After eight years serving as an artistic ambassador for Save the Children, which provides relief and support for kids in rural America and developing countries, Jennifer Garner has learned the importance of working in the field.
The actress, 44, now a trustee for the nonprofit, and her friend, the fund’s president and CEO Carolyn Miles, are among PEOPLE’s 25 Women Changing the World. While visiting Brooks Elementary in Duncan, Mississippi, the two women sat down to discuss their friendship and their fight for all kids to have a promising future.
“The people that we tend to serve are people that are out of the way, the hardest to get to and nobody else seems to reach out and grab for. And that’s true in the U.S. as well,” Garner explains.
“We want three things: We want kids to not die from preventable diseases; we want every child to get into school and have a high-quality education; and we want to protect kids from violence and harm,” Miles adds.
Following Miles’ lead, Garner has come to realize that the only way to accomplish these goals is to volunteer on the front lines. For instance, the actress recalls that when Ebola broke out, Miles was on the first plane to Africa. “All of us were saying, ‘You know what? We kind of need you. Can you maybe rethink going to middle of hell and just stay put here in Connecticut and we’ll help from afar?’ “
But Garner says, “Carolyn knows better than anyone, you have to go. You have to see it with your own eyes. You have to participate in the work that you’re doing. You can’t sit somewhere and just write emails. You have to actually go.”
Her emphasis on groundwork has led Miles all over the world. In Syria, the CEO has followed “the paths of refugees from the point of contact, to where they end up, to how they’re traveling, to what their education looks like for their kids,” Garner says, for example.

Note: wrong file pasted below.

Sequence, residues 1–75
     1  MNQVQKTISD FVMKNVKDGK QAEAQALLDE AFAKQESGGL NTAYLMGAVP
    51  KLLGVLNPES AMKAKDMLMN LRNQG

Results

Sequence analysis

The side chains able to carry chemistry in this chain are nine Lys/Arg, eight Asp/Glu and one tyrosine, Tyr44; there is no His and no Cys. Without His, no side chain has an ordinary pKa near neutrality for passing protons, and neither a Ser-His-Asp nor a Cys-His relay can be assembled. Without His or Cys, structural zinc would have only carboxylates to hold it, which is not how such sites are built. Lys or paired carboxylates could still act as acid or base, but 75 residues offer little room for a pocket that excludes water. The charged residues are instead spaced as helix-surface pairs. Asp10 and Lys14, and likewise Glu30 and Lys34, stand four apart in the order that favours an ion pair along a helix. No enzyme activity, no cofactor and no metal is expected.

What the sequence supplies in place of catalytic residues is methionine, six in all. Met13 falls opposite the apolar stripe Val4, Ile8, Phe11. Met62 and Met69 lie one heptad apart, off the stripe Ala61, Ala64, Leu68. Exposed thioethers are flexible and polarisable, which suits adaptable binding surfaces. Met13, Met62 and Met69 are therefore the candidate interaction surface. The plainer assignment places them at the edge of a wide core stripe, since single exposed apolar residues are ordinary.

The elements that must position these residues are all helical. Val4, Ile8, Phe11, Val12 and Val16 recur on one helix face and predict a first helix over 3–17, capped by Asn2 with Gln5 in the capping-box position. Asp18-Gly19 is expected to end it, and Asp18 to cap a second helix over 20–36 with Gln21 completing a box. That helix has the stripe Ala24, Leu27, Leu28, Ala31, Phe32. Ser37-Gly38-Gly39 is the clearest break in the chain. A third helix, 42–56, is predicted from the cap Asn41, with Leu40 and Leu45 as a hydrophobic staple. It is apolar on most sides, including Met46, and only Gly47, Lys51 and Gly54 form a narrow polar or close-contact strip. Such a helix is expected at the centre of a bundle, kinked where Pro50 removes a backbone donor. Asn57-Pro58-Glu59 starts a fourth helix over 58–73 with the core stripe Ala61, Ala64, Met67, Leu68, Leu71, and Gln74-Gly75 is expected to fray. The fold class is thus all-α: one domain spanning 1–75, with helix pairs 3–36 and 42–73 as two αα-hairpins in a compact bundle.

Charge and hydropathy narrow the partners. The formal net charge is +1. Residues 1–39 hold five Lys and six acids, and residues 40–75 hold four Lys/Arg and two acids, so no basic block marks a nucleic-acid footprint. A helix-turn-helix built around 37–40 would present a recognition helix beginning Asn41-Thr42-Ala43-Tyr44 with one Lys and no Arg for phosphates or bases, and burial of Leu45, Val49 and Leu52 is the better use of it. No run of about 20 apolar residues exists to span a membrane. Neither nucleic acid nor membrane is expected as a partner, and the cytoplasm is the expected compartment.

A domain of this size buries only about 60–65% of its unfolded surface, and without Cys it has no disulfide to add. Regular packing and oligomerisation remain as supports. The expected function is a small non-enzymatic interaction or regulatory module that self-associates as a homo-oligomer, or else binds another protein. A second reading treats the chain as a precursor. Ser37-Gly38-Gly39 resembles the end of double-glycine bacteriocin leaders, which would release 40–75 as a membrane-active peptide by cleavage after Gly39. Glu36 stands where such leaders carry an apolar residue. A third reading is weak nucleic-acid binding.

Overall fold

While Garner admits she’s not an expert in every facet of Save’s organization, she attributes her success with the fund to the hands-on approach she learned from Miles. “I don’t see myself as someone who’s an expert on poverty in rural America or who has a business degree and should be on a board of a huge organization like Save. But I do understand tackling a problem. And I do understand just diving in,” she explains.
“All I mean when I say that is I can tell myself, ‘Well, you can tackle this one email’ that I might be intimidated to write or I can tackle getting to Mississippi and covering my kids at home and making sure everything is set so that I can go and be with the kids here for a couple of days. I can tackle it. I’m not afraid to try. So that’s my word and that would be my word of encouragement, to anyone. You can make a difference if you’re just not afraid to tackle.”
Beyond her work in the field, Garner says that being a mother has influenced the way she sees the world. While she does not “think you need to be a mother to connect to other mothers,” the actress and mom of three says that “becoming a mother just automatically crosses any boundary you might have with another woman. It’s like joining this huge, enormous global club. When you see somebody struggling, you instantly think, ‘Well, that could be me.’ “
She adds, “Family is the most important thing you could possibly have. But family isn’t just your mother, father, sisters, brothers, kids, aunts, uncles, when I go home to West Virginia, I go and see my family. And that is my ballet teacher, I go and see my best friend from growing up, her mom, I visited her in the nursing home, and I took my son and we went and saw her, just as if she were my mom. She’s so important to me. Family is somebody who has just reached outside of themselves over and over to help you and make your life better and with great patience as you have been in enormous pain and I have had a lot of people who have been very patient with me. So I see family as just an extension of yourself, however that may fall in your life.”